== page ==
Regional Banks Are the Strength of the Industry
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Bank of America (NYSE: BAC) and Citigroup (NYSE: C) have been two of the most followed and controversial stocks in the market over the last year. The rise in housing and strong market performance has led some to believe that now is the time to buy these large money center banks. However, Thursday proved one point: Regional banks are the strength of the banking industry.
Bank of America fell more than 3.5% while Citigroup fell over 3% after announcing Q4 earnings. These highly complicated companies had both strengths and weaknesses in each quarterly report, yet because of large returns over the last year and several concerns within the earnings report, both traded lower.
Bank of America beat its bottom line expectations by $0.01 while posting revenue of $18.89 billion, a $3.51 billion miss! The company saw a decline in net interest margins, much like JPMorgan, and now faces reduced provisions and fears of additional lawsuits.
Citigroup grew its top-line by 8% year-over-year, yet still missed expectations by almost $1 billion. The company's EPS of $0.69 was short $0.27 of expectations as the bank adjusts to new regulations and a new CEO. Citi's miss was arguably worse than BofA's -- Mike Mayo noted that the reserve release added $0.02 to EPS compared to $0.19 last quarter. This large distinction has left a lot of investors curious as to what the future might hold for the operations of this bank.
While the large money center banks were frustrating analysts and losing value during the trading day on Thursday, regional banks were greatly outperforming the market with large gains following earnings. PNC Financial Services (NYSE: PNC) rallied 3.8% after posting revenue growth of 15% and EPS of $1.24. The company's bottom line actually missed expectations by $0.17, but when removing the value from the company selling its shares of Visa and the charge for the foreclosure-abuse settlement, PNC actually beat expectations by $0.16. Furthermore, while large banks were seeing a decline in book-value-per-share, PNC's rose from $61.52 to $67.05.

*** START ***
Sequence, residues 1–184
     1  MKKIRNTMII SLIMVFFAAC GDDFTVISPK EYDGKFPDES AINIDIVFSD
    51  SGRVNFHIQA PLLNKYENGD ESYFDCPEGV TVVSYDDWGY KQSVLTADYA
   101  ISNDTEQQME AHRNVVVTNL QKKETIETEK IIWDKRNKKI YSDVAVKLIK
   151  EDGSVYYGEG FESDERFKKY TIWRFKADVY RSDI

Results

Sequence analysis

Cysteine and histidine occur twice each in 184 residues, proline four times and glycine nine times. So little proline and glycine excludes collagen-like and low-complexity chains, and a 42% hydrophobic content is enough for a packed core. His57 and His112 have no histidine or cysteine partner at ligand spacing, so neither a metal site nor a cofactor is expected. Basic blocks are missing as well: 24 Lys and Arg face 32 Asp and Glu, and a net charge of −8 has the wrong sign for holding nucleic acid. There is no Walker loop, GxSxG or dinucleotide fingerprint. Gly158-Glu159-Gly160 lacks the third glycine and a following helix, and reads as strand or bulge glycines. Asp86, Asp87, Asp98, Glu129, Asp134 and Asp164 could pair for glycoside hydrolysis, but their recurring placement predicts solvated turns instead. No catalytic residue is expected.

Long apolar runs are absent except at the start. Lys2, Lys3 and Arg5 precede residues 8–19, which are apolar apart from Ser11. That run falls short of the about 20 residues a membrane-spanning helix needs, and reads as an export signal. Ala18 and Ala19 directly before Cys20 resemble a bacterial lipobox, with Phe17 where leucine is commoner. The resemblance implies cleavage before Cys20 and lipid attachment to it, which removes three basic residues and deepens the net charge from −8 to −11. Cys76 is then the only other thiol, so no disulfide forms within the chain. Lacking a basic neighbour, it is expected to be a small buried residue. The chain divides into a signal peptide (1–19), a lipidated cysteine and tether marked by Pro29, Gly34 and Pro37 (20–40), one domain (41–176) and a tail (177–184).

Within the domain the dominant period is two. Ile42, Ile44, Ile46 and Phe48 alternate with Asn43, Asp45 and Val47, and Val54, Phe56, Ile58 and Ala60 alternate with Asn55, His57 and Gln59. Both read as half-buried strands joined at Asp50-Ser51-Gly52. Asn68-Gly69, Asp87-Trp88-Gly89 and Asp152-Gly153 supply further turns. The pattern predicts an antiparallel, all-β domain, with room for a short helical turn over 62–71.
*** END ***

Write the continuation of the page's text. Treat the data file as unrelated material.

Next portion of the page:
BB&T (NYSE: BBT) is my personal favorite of the banking stocks, and the company saw its earnings rise 29% in the fourth quarter; it also beat revenue expectations by $70 million. As a result, the stock was higher by more than 2%, adding to its recent rally. Fifth Third (NASDAQ: FITB) rose more than 4% after its EPS of $1.66 represented a 41% rise year-over-year; the company's book-value-per-share also rose 10% year-over-year. Lastly, Huntington Bancshares (NASDAQ: HBAN) traded higher by over 3.5% after growing its earnings by 18% year-over-year, and its revenue by 6%.
The performance of regional banks compared to money center banks shows a clear advantage for the regional banks, indicating that regional banks are profiting from the recent strength in housing. Over the last year investors have bought large banks following strong housing and consumer confidence data, but perhaps investors have been wrong.
As we move forward in a market with daunting questions in the immediate future, investors must remember that large banks are still highly exposed to Europe. Also, regional banks have had the best ratings when it comes to consumer satisfaction, and earnings indicate that consumers are electing to utilize smaller banks.
The sector as a whole remains undervalued, as almost every stock in the space trades below or equal to its book-value-per-share. Therefore, an investment decision should be determined by growth and possibly market sentiment. In my opinion, a shift is beginning, as investors realize that regional banks are the strongest in this space. In 2013 I'd watch for strong gains from this space, while large money center banks lag behind after a great run in 2012.
BrianNichols owns BBT. The Motley Fool owns shares of Bank of America, Citigroup Inc , Fifth Third Bancorp, Huntington Bancshares, and PNC Financial Services. Try any of our Foolish newsletter services free for 30 days. We Fools may not all hold the same opinions, but we all believe that considering a diverse range of insights makes us better investors. The Motley Fool has a disclosure policy. Is this post wrong? Click here. Think you can do better? Join us and write your own!